The answers in the “statistics”, “history”, and “internet” categories are easy to look up, but that would defeat the point. So no peeking allowed. Looking up any relevant information is peeking.
Discussion of the statements other than through stating probabilities is also against the spirit of the game. Feel free to ask for clarifications, though.
To reward honest estimates, in the end I may score people on the answers, using the rule where your number of points is the logarithm of the probability you assigned to the right answer.
1. Oregon has more inhabitants than Slovakia.
2. Ghana has a greater GDP (PPP) than Luxembourg.
3. In 1900, Denmark had a greater GDP per capita than Spain.
4. Ohio emits more CO2 than Poland.
5. Afghanistan has more land area than Alaska.
6. Croatia has a greater GDP per capita than Mexico.
7. George Orwell was born before 1900.
8. Vladimir Putin was born before 1955.
9. The tenth emperor of Rome wore a beard.
10. More than 5000 Americans died in the attack on Pearl Harbor.
11. If the USA has a president in 2067, it will be a woman.
12. A 1000-qubit quantum computer will exist in 2020.
13. A nuclear (fusion or fission) weapon will be used in an attack before 2010.
14. Switzerland will join NATO before 2100.
15. Proof of life on Mars (past or present, not originating on Earth) will be found before 2050.
16. In a randomly selected parallel Everett world splitting from ours on 1 Jan 1940, Hitler invades England before 1950.
17. IARSPEWSFOO 1 Jan 1940, Hitler invades the USA before 1950.
18. IARSPEWSFOO 1 Jan 1, a technological singularity happens before 1500.
19. IARSPEWSFOO 1 Jan 1, nuclear war kills at least ten million people in any five year period before 2000.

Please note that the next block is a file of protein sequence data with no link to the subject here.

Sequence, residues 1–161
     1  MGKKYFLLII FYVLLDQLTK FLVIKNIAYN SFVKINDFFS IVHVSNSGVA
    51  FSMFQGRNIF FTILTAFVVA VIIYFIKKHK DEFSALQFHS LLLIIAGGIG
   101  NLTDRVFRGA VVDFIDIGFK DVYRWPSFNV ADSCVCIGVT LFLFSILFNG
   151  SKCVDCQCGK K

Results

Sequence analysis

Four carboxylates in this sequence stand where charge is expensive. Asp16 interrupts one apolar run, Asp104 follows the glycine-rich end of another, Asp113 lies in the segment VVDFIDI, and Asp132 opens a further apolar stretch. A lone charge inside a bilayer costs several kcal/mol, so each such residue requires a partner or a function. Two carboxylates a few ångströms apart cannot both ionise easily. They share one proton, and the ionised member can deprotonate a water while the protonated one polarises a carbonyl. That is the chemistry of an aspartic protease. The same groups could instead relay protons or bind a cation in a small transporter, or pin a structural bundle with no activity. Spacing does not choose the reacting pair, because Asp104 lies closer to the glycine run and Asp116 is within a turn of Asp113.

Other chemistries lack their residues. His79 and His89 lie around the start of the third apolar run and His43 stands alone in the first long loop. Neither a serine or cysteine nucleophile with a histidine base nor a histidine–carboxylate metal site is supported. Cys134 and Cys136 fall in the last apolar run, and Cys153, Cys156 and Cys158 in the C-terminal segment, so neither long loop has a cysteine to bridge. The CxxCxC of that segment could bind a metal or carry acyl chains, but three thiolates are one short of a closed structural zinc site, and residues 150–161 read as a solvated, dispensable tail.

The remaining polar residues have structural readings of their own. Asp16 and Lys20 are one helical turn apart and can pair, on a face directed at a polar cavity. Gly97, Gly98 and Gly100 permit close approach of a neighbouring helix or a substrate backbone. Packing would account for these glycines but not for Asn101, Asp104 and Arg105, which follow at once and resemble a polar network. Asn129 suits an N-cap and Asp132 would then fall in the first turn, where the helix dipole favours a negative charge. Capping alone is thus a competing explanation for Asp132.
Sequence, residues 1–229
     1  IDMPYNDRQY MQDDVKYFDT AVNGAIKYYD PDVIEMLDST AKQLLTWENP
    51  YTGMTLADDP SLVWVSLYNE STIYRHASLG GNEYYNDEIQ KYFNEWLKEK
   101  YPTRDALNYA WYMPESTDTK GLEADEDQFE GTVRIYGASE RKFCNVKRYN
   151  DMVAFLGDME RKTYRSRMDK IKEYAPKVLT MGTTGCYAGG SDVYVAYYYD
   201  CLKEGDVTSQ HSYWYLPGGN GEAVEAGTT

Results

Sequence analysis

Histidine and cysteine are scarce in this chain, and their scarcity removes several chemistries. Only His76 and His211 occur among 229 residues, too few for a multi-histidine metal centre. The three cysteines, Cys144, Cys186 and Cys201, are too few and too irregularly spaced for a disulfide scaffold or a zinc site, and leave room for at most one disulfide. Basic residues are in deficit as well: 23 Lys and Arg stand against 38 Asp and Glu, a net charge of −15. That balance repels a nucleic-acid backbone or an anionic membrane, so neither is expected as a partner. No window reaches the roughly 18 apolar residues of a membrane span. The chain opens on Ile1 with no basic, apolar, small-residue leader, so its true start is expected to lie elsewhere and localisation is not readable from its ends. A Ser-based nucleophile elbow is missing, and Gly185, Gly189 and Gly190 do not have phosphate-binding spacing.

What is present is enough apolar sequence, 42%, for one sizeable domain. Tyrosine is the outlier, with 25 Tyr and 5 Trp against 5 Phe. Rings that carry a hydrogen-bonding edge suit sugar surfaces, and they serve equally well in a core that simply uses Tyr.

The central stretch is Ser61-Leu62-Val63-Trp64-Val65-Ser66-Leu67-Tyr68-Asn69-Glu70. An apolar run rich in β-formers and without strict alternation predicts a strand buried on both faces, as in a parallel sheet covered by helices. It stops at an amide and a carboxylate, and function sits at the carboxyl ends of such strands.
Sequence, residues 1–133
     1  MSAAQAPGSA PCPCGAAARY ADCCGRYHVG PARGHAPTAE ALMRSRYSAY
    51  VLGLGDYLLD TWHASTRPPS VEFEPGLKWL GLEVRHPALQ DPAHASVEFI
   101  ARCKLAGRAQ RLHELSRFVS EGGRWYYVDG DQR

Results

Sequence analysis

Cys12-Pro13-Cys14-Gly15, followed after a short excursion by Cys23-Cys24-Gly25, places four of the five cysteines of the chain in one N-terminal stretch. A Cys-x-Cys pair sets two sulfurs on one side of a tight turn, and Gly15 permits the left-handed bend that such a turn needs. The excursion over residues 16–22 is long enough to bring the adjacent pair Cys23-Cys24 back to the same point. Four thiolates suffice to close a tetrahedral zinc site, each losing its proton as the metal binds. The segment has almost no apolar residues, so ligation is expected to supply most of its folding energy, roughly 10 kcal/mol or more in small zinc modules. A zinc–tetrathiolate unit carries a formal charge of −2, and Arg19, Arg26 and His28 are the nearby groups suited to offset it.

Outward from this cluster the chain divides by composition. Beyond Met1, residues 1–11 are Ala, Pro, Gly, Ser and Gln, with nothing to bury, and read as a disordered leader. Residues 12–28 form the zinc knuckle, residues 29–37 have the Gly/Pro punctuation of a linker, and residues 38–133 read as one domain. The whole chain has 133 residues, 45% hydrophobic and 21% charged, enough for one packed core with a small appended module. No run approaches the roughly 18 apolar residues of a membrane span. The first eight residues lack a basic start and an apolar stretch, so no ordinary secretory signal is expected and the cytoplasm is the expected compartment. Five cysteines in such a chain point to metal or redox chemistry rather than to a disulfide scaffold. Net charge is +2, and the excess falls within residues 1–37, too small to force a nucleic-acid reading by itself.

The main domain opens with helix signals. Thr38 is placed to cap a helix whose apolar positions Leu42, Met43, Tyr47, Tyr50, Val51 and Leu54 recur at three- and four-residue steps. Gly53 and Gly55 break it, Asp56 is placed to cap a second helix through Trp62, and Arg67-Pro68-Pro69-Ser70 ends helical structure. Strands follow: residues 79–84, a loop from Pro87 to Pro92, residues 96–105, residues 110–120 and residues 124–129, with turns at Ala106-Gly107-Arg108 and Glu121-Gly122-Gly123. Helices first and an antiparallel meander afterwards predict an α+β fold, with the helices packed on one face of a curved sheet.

20. IARSPEWSFOO 1 Jan 1900, nuclear war kills at least ten million people in any five year period before 2000.
21. “brain” gets more google results than “heart”.
22. “Ray Kurzweil” gets more google results than “Sonic the Hedgehog”.
23. “John Paul II” gets more google results than “Ron Paul”.
24. “Iraq” gets more google results than “Italy”.
25. “death” gets more google results than “purple”.
The strength of an experimental result is commonly stated in the form of a p-value. For example, if the p-value is 0.01, that means that if there were no effect, the probability of getting a result at least as extreme as the one actually obtained would be 0.01. This is a useful number, but it’s easily misinterpreted. What you really want to do is compare the probability of getting the exact result you got under the null hypothesis, to the probability of getting that result under the alternative hypothesis. The ratio of these two is called a Bayes factor. Only this information will allow you to rationally update your degree of belief in the null hypothesis. But from the p-value, you can’t tell.
I don’t know if this is widely known, but there’s a trick that you can use to translate from p-values to Bayes factors. Assume your prior distribution is symmetrical and peaked at the null hypothesis. Then the following formula gives you a minimum Bayes factor:
- e p ln(p)
For example, if your p-value is 0.05, your minimum Bayes factor is 0.4. That means the odds for the null hypothesis (that is to say, P(null true)/P(null false)) are multiplied by at least 0.4. A null hypothesis that starts out as 75% probable ends up being at least 31% probable. So a p-value of 0.05 isn’t nearly as bad as it sounds.
This article has a handy little table listing some other possible values. It also gives a weaker formula for a minimum Bayes factor that does not make any assumptions about the prior. This pdf article explains more about this minimum and about Bayes factors in general.
If you see a p-value quoted for a result you doubt (cough parapsychology cough), and if you know the basic technical concepts, it can be quite useful to have the formula or table at hand. Coincidental results are more common than you might think.